Celotto v. Brady et al

Filing 36

RULING Granting 23 Defendants' Motion for Summary Judgment. Signed by Judge Janet C. Hall on 6/22/2007. (D'Andrea, S.)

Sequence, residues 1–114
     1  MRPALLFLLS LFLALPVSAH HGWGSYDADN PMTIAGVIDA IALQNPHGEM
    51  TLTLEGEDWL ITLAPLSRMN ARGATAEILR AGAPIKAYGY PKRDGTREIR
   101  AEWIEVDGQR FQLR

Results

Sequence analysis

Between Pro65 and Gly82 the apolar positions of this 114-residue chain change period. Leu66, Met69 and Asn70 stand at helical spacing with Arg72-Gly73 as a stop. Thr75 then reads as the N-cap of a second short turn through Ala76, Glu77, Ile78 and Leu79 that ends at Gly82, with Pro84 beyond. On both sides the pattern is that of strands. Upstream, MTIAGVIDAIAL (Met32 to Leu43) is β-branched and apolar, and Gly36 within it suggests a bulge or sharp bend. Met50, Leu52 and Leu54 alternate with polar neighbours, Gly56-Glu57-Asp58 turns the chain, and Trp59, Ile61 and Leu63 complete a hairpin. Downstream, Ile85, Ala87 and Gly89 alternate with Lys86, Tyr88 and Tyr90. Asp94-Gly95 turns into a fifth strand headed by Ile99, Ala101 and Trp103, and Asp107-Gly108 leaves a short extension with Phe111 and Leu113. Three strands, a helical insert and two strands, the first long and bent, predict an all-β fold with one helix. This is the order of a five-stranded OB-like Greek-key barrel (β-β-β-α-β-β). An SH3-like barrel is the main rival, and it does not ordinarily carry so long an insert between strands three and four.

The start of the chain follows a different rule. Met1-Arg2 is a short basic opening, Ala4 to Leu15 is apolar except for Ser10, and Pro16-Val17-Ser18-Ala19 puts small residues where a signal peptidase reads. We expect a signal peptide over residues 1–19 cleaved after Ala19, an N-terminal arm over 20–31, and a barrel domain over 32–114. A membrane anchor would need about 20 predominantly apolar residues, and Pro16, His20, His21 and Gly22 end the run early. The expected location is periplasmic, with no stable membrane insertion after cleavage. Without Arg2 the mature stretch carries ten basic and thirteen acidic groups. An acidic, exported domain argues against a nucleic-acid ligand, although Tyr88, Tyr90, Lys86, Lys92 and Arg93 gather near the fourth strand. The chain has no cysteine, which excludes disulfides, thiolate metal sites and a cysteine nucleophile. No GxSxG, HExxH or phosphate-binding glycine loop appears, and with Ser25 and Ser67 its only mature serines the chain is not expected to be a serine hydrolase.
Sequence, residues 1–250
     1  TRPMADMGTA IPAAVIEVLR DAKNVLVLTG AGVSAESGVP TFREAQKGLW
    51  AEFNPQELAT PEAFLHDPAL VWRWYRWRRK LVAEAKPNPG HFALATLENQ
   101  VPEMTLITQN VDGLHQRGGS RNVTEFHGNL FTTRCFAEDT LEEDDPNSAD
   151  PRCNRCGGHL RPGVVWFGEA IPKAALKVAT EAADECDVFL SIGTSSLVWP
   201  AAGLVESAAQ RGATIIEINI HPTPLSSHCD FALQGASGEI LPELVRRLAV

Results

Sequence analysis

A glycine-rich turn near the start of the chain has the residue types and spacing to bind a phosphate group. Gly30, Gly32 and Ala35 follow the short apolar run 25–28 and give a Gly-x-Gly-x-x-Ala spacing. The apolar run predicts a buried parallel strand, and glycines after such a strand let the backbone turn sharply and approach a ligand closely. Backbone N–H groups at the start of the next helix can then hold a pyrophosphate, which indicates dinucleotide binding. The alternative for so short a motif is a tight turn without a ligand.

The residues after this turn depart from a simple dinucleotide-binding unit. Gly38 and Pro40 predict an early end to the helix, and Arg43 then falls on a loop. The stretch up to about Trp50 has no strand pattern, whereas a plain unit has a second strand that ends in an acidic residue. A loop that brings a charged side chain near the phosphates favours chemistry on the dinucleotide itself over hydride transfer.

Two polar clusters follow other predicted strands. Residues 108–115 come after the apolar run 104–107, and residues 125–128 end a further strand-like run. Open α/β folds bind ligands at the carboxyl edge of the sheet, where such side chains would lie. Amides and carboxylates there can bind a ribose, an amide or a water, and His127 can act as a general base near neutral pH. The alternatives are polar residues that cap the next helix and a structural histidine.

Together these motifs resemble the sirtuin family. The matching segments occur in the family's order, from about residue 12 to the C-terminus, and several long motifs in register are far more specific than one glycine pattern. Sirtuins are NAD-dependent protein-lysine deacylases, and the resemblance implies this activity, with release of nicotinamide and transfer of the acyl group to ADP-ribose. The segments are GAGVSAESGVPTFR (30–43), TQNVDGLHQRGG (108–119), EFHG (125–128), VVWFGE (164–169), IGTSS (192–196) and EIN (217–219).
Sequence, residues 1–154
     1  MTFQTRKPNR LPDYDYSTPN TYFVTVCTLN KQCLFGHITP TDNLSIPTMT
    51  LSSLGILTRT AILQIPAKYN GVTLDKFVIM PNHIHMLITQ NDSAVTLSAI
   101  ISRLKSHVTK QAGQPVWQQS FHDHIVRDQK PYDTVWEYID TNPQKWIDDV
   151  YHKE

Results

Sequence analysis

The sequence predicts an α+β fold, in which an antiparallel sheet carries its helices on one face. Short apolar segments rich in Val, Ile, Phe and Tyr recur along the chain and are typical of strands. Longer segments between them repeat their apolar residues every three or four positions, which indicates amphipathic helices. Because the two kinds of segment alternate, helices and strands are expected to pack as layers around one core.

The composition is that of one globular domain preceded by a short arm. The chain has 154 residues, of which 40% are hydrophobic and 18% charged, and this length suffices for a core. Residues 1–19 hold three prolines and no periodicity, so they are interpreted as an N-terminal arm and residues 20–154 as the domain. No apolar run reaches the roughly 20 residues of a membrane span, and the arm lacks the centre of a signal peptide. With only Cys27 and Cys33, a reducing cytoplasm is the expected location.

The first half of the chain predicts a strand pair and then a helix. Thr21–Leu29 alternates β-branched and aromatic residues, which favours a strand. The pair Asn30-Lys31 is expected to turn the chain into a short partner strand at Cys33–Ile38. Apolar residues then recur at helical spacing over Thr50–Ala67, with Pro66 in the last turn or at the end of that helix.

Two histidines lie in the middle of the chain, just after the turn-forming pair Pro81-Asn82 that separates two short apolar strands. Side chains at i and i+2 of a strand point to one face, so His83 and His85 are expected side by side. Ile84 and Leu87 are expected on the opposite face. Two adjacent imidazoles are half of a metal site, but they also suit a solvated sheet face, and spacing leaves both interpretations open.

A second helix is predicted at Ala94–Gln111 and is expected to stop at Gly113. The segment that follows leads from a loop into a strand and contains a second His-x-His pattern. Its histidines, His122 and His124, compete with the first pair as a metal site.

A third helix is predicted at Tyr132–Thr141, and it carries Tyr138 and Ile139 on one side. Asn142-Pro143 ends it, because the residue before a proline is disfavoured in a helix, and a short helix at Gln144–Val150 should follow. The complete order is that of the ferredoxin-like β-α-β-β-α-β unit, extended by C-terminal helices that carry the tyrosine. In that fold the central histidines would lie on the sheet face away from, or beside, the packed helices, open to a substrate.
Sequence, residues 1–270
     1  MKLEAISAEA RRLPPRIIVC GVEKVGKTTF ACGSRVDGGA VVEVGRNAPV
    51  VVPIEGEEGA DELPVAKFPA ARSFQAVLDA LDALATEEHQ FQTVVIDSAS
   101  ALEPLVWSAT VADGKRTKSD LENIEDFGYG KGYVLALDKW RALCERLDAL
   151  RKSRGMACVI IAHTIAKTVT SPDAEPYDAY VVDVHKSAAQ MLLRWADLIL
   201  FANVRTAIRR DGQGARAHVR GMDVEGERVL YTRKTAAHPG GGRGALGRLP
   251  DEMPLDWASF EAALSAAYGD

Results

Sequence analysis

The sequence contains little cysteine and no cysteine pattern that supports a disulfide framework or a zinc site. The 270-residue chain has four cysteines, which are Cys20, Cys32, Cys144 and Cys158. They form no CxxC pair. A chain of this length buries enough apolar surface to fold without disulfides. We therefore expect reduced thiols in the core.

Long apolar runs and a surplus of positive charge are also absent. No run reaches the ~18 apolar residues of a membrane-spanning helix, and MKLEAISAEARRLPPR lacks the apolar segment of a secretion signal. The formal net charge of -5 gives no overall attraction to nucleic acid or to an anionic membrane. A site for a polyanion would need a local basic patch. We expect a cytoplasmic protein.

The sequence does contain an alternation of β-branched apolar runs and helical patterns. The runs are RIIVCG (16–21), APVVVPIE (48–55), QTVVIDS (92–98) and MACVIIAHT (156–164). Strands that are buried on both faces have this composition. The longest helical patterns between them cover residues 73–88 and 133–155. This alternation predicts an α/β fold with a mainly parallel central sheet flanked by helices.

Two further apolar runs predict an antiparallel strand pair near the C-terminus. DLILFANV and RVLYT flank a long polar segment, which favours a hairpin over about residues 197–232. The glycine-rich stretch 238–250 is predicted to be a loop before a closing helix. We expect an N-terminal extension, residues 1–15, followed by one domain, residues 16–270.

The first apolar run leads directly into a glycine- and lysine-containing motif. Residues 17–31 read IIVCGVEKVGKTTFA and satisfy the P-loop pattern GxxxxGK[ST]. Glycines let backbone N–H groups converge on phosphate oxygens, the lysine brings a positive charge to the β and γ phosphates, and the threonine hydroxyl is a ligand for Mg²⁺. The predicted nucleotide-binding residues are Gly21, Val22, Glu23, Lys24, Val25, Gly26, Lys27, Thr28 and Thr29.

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Celotto v. Brady et al Doc. 36 Case 3:06-cv-00650-JCH Document 36 Filed 06/25/2007 Page 1 of 9 UNITED STATES DISTRICT COURT DISTRICT OF CONNECTICUT ANN CELOTTO, Plaintiff, v. JOHN BRADY, ET AL., Defendants. : : : : : : : CIVIL ACTION NO. 3-06CV650 (JCH) JUNE 22, 2007 RULING ON DEFENDANTS' MOTION FOR SUMMARY JUDGMENT [Doc. No. 23] I. INTRODUCTION The plaintiff, Ann Celotto, a former employee of the Amity Regional School District Number 5 ("Amity"), brings this action against the defendants, John Brady, Superintendent of Schools, and Edward C. Goldstone, principal of Amity Regional High School. In a previous Ruling on Defendants' Motion to Dismiss [Doc. No. 18], the court dismissed the claims against Amity. Celotto sues each of the remaining defendants in his individual capacity. The defendants have filed a Motion for Summary Judgment [Doc. No. 23] seeking to dismiss all of Celotto's claims pursuant to Rule 56 of the Federal Rules of Civil Procedure. II. STANDARD OF REVIEW In a motion for summary judgment, the burden is on the moving party to establish that there are no genuine issues of material fact in dispute and that it is entitled to judgement as a matter of law. Anderson v. Liberty Lobby, Inc., 477 U.S. 242, 256 (1986); White v. ABCO Engineering Corp., 221 F.3d 293, 300 (2d Cir. 2000). Once 1 Dockets.Justia.com Case 3:06-cv-00650-JCH Document 36 Filed 06/25/2007 Page 2 of 9 the moving party has met its burden, the nonmoving party must "set forth specific facts showing that there is a genuine issue for trial," Anderson, 477 U.S. at 255, and present such evidence as would allow a jury to find in his favor in order to defeat the motion. Graham v. Long Island R.R., 230 F.3d 34, 38 (2d Cir. 2000). In assessing the record, the trial court must resolve all ambiguities and draw all inferences in favor of the party against whom summary judgement is sought. Anderson, 477 U.S. at 255; Graham, 230 F.3d at 38. "This remedy that precludes a trial is properly granted only when no rational finder of fact could find in favor of the non-moving party." Carlton, 202 F.3d at 134. "When reasonable persons, applying the proper legal standards, could differ in their responses to the question" raised on the basis of the evidence presented, the question must be left to the jury. Sologub v. City of New York, 202 F.3d 175, 178 (2d Cir. 2000). III. FACTUAL BACKGROUND1 In December 2002, Ann Celotto was hired by Amity to be a twelve-month secretary at Amity Regional Junior High School. See Def.'s Loc.R.Civ.P. 56(a)1 Statement ("Def.'s Stat.") at 1 [Doc. No. 23]. In December 2003, Celotto was hired to be a ten-month secretary at Amity Senior High School, to which position she transferred on January 5, 2004. Id. at 2. Celotto received a separate stipend to handle the Student Activity Funds, which on a daily basis exceeded $20,000 and included For the purposes of the instant motion, the court accepts facts undisputed by the parties as true and resolves disputed facts in favor of the non-moving plaintiff, where there is evidence to support her allegations. 1 2 Case 3:06-cv-00650-JCH Document 36 Filed 06/25/2007 Page 3 of 9 accounts for teachers, alumnae, and student activity accounts. See Plf.'s Loc.R.Civ.P. 56(a)2 Statement ("Plf.'s Stat.") at Ex. 1, Celotto Aff. at 4-6 [Doc. No. 30]. On April 13, 2004, Celotto prepared a deposit for $441.30 by placing that amount in a green bank bag. See Def.'s Stat. at 6. She left the bag on top of her desk until the bank courier arrived. Id. at 7. The bank later reported that $290 in cash was missing from the deposit. Id. at 9. A police report determined that this money was stolen while the bank bag was on Celotto's desk, which she likely left unattended at some point before the courier arrived. Id. at 7, 10. Celotto was not disciplined for this incident. Id. at 11. Dr. John Brady was hired as Amity's Superintendent on October 18, 2004. Id. at 4. On October 26, 2004, Celotto received $423 as a deposit from the school store. Id. at 12. Celotto placed the money in an envelope or green sealed bag and put it in her desk drawer, which she believed she locked before leaving at the end of the day. Id. However, Celotto did leave her desk containing the deposit unattended at some point during that day. Id. at 14. The next morning, Celotto saw that cash was missing from her desk drawer, although no signs of forced entry were found. Id. at 13, 15. Celotto was not disciplined for this incident. Id. at 16. On November 1, 2004, Amity purchased a safe for the school funds, which was subsequently placed in the office of the Assistant Principal, Robert Cole.2 Id. at 17. On December 14, 2004, Celotto received $180 as a cash deposit from the school store, for which she prepared a deposit and placed the money in her desk drawer, which she According to Celotto, the safe was not delivered to Cole's office until February 2005. See Plf.'s Stat. at 17. 2 3 Case 3:06-cv-00650-JCH Document 36 Filed 06/25/2007 Page 4 of 9 believes to have locked upon leaving the building for her lunch break. Id. at 18. When she returned, Celotto noticed the cash was missing. Id. at 19. Celotto was not disciplined for this incident. Id. at 20. On December 3, 2004 (but not reported until January 28, 2005), Celotto received $2,175 as a deposit in checks, for which she prepared a bank deposit slip. Id. at 2122. However, the checks were never deposited in the bank. Id. at 22. Celotto claims that Hudson Bank personnel were responsible for this "mishap," pointing to a deposit slip and canceled check from a parent made out to Amity High School, as evidence that one of the checks in the $2,175 deposit was deposited. See Plf.'s Stat. at 21. On February 11, 2005, Dr. Brady met with Celotto to discuss her performance regarding the handling of the student activity fund. See Def.'s Stat. at 24. Dr. Goldstone and Lolly Dedman, Celotto's union representative, were also present at the meeting. Id. On February 14, 2005, Dr. Brady followed up with a letter to Celotto advising her that she would be subject to further discipline, up to and including termination, if she did not improve her management and control of the student activity fund. Id. at 26. In April 2005, Don Bonomi, a high school Spanish teacher, submitted a signed statement in which he claimed that, on April 11, he had personally given Celotto a deposit of cash and checks in the amount of $1,750, as well as a check request for $1,120. Id. at 28. Bonomi received a check from Celotto on April 15, but the $1,750 was never deposited in the bank. Id. at 30-31. Another Spanish teacher at the high school, Carol Miranda, reported that she saw Bonomi give Celotto the deposit. Id. at 29. 4 Case 3:06-cv-00650-JCH Document 36 Filed 06/25/2007 Page 5 of 9 At the end of the school day on or around May 5, 2005, Dr. Brady called Celotto into his office to tell her she was terminated. Id. at 32-33. Dr. Goldstone and Celotto's union representative, Ms. Dedman, were also present at this meeting. Id. at 34. Celotto walked to her desk crying, called her husband, and told Dr. Goldstone that he had not been honest and did not protect her. Id. at 37-38. A security guard was summoned to the office by Assistant Principal Cole. Id. at 39. Another secretary remarked that Celotto was upset. Id. at 40. Celotto left the building, accompanied by Ms. Dedman. Id. at 41-42. The next day, Celotto received a letter from Dr. Brady confirming her termination for failing to properly manage and control the student activity fund. Id. at 43. Celotto subsequently grieved her termination before an arbitrator, who determined Amity had just cause to terminate her. Id. at 45. IV. DISCUSSION A. Equal Protection (Count III) Celotto argues that her termination was in violation of the Equal Protection Clause of the U.S. Constitution. The defendants challenge Celotto's Equal Protection claim by first arguing that Celotto has not sufficiently shown herself to be similarly situated to other Amity employees. The court agrees. Because Celotto does not claim to be a member of a protected group, she may only pursue her Equal Protection claim under the so-called "class of one" analysis. Village of Willowbrook v. Olech, 528 U.S. 562, 564 (2000). To prevail on a "class of one" equal protection theory, Celotto must show that she has been "intentionally treated differently from others similarly situated and that there is no rational basis for the 5 Case 3:06-cv-00650-JCH Document 36 Filed 06/25/2007 Page 6 of 9 difference in treatment." Id. A plaintiff's burden on a "class of one" claim is "extremely high," and a plaintiff cannot prevail absent a prima facie showing that she is identical in all relevant respects to the individuals with whom she compares herself. Neilson v. D'Angelis, 409 F.3d 100, 104 (2d Cir. 2005) (citing Purze v. Village of Winthrop Harbar, 286 F.3d 452, 455 (7th Cir. 2002)). In the instant case, Celotto compares herself to "the other employees in the Administration office who were in fact handling cash." See Plf.'s Memorandum in Opposition to Summary Judgment ("Mem. in Opp.") at 27 [Doc. No. 28]. She points out that from December 2003 until January 2005, Dr. Goldstone and Assistant Principal Cole took money home in the evenings if it had arrived after the bank courier had come. Id. However, even if the court credits Celotto's testimony, as it must on summary judgment, this fact alone does not establish that she is similarly situated to the degree required for a "class of one" claim. Celotto has not shown how she is similar to these individuals, and in fact the court believes that she would have difficulty doing so because of the fact that they were given direct access to the safe while Celotto was not. Id. In her response to defendants' Interrogatory Number 8, Celotto alleges that she was treated differently than two similarly-situated individuals, Dr. Goldstone and Donna Salemme, both of whom had school money disappear without being disciplined for it. See Def.'s Stat. at Ex. B, Interrog. Response #8. On April 28, 2004, Ms. Salemme reported that $110 in cash was missing from her desk drawer in the Guidance Department. Id. at 47; Plf.'s Stat. at Ex. 4. Celotto admitted that this incident occurred before Dr. Brady was hired as Superintendent, and that he had no knowledge 6 Case 3:06-cv-00650-JCH Document 36 Filed 06/25/2007 Page 7 of 9 of it prior to this litigation. See Def.'s Stat. at 48-49. Thus, this court finds that Celotto has not provided any evidence that Dr. Brady, the decision-maker responsible for Celotto's termination, had knowledge of this incident prior to terminating her. See Giordano v. City of New York, 274 F.3d 740, 751 (2d Cir. 2001) ("Absent some evidence of this knowledge, no reasonable juror could infer that the defendants intended to treat Giordano differently from other NYPD officers."); Bd. of Managers of Soho Int'l Arts Condo. v. City of New York, 2004 WL 1982520, at *21 (S.D.N.Y. 2004) ("[A] plaintiff must demonstrate that the defendants knew of others similarly situated such that their differential treatment of plaintiff was intentional."). Further, the record reveals only one loss related to Salemme. Celotto was treated similarly to her: she was not terminated for the first loss related to her. Indeed, it was the fourth loss, after Dr. Brady's hiring, that led to her termination. W ith respect to Dr. Goldstone, Celotto claims he was not disciplined despite money disappearing while under his supervision on two occasions. See Def.'s Stat. at 51, Ex. B, Interrog. Response #8. The first incident occurred on September 10, 2004, also prior to Dr. Brady becoming Amity's Superintendent. See Def.'s Stat. at 52. On that day, Dr. Goldstone received a cash deposit from Celotto, which he placed in a valise on his office desk. Id. at 53. Celotto was present when Dr. Goldstone placed the money on his desk. Id. at 55. This money subsequently disappeared. Id. at 54. Dr. Goldstone was not disciplined for this incident. Id. at 56. The second incident occurred on April 26, 2005, when a deposit of checks and cash that Dr. Goldstone reportedly placed into the safe disappeared from the safe. Id. at 57-59. Dr. Goldstone was not disciplined for this incident. Id. at 61. 7 Case 3:06-cv-00650-JCH Document 36 Filed 06/25/2007 Page 8 of 9 The court finds that these comparisons are insufficient as a matter of law. Notwithstanding the fact that Celotto, in her position as secretary, has not shown how she is similar to Dr. Goldstone, in his position as principal of the high school, even if the court were to overlook this, Celotto has not demonstrated how she was treated differently from Dr. Goldstone. Celotto also was not disciplined after three separate occasions of money disappearing under her supervision, two of which occurred under Dr. Brady's tenure. Indeed, if the court considers only the October 26 and December 14, 2004 incidents involving the missing money, both of which occurred after Dr. Brady was hired and both of which are not disputed by Celotto, see Plf.'s Stat. at 12, 15, 18-19, Celotto has provided no evidence that she was disciplined for these two incidents, and in fact has admitted that she was not. Id. at 16, 20. Thus, Celotto was not disciplined at least until the third alleged incident of money disappearing under her supervision after Dr. Brady was hired (and fourth over the period of Dr.'s Goldstone's tenure). Because her comparison to Dr. Goldstone only involves two incidents of money disappearing under his supervision, the court finds that Celotto has not established a prima facie showing that she is identical in all relevant respects to Dr. Goldstone. See Neilson, 409 F.3d at 104. Celotto has not satisfied the high burden that is required for "class of one" claims. Thus, the court finds that Celotto has not sufficiently shown herself to be identical in all relevant respects to any of the persons with whom she may compare herself. The court therefore grants summary judgment on this claim.3 3 The court therefore need not address the defendants' qualified immunity defense. 8 Case 3:06-cv-00650-JCH Document 36 Filed 06/25/2007 Page 9 of 9 B. Intentional & Negligent Infliction of Emotional Distress (Counts I & II) Since this court grants summary judgment to the defendants on Celotto's federal claim, it will decline to exercise supplemental jurisdiction over Celotto's state law claims of intentional and negligent infliction of emotional distress. See 28 U.S.C. 1367(c)(3). V. CONCLUSION For the foregoing reasons, the defendants' Motion for Summary Judgment [Doc. No. 23] is GRANTED. The clerk is ordered to close the case. SO ORDERED. Dated at Bridgeport, Connecticut this 22nd day of June, 2007. /s/ Janet C. Hall Janet C. Hall United States District Judge 9